Golf champion Tiger Woods, in 2017, said he was trying to escape pain when he was charged with driving under the influence. A toxicology report later revealed that Woods had Vicodin, Dilaudid, Xanax, Ambien and THC in his system. A month later he entered a treatment program according to news reports.
Addiction doesn’t discriminate and professional athletes as well as collegiate athletes are not immune from this disease. “There’s a growing need for addiction treatment tailored to meet the special needs of athletes who lose their way either due to pressure or because of sports injuries and become addicted to drugs or alcohol. Our program is designed to meet that need and help all of these athletes make a comeback in life,” said Domenica Personti, CEO of Recovery Centers of America Bracebridge Hall.
Professional and collegiate athletes are required to perform extraordinarily under pressure. The mental and physical stressors of being a professional or collegiate athlete can push even the strongest of people to abuse drugs or alcohol. They may come into a great deal of wealth quickly and succumb to the partying lifestyle and temptations that fame brings. Athletes also endure high levels of pain from injuries sustained on the field and take substances to enhance their gameplay while injured.
“For many athletes,” said Personti, “addiction starts with a sports injury. Athletes get hurt and they desperately want to keep playing. They go to the doctor or have surgery and Percocet, Vicodin, or Oxycontin are prescribed. Once the prescription is filled, these opiates can be abused by the athletes themselves, a teammate or a family member.”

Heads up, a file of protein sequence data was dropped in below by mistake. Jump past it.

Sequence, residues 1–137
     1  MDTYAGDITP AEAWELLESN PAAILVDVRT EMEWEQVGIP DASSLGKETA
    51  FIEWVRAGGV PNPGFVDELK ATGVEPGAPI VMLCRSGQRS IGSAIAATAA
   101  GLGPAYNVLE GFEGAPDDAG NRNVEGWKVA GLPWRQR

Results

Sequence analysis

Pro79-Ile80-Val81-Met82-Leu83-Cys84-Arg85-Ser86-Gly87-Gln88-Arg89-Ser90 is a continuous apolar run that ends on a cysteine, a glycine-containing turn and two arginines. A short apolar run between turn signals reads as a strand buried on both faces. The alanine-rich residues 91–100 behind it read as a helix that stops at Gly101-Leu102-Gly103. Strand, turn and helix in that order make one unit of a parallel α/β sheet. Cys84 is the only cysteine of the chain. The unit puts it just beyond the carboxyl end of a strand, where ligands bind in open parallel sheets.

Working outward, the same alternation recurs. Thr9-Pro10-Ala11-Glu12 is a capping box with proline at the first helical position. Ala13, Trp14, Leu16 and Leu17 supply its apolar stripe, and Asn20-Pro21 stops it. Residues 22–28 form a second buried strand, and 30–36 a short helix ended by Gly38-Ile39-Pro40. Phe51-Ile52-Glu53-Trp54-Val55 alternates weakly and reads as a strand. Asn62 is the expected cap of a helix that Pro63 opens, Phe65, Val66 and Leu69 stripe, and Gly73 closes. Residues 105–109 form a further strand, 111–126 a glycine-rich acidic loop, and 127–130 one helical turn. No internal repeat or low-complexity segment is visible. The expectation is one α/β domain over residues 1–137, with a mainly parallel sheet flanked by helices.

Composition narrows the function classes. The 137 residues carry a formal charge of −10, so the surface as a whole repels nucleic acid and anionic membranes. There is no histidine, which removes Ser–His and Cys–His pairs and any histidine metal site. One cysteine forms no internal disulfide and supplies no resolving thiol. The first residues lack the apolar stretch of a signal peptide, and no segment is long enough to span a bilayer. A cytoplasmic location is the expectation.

Just like that, an opiate addiction can start leading to unimaginable personality changes, and too often– death by overdose.
Opioid addiction affects kids in high school to professional athletes.
It is estimated that 1.4 million injuries occur annually across nine sports at the secondary school level and about 209,000 injuries occur annually at the collegiate level. Professional athletes are among the five occupations that had more than 1,000 injuries per 10,000 workers, according to the Bureau of Labor Statistics.
Retired athletes are also at risk.
Among retired NFL players with exposure to prescribed pain medication during their playing career, 26.2% reported recent use of prescription opioids (past 30 days). Specifically, 14.3% of retired players reported opioid use only as prescribed, whereas 11.9% reported misuse (not prescribed or use other than as prescribed).
The Professional and Collegiate Athlete’s Program at Recovery Centers of America at Bracebridge Hall offers evidence-based substance use disorder treatment with tailored nutrition plans, specialized athletic equipment and training, and medical evaluations specific to individuals and their sports.
RCA certified trainer/nutrition consultant Paul Norris, a national level body builder says, “My goal is to get the athlete back into a structured environment, because that’s when they’re at their best. This isn’t just treatment for a physical problem – we work on mindset, too. We help athletes find happiness again through structure and healthy, positive goal-setting.”
Returning to a healthy lifestyle on and off the green was key for Tiger Woods’ comeback this past weekend and it can be for all athletes too with treatment that works.
Recovery Centers of America (1-800 Recovery) provides evidence-based comprehensive addiction treatment at six inpatient residential facilities in Pennsylvania, NJ, Massachusetts, and Maryland. RCA also provides a full spectrum of Outpatient treatment and Medication-Assisted-Treatment (MAT) at many facilities.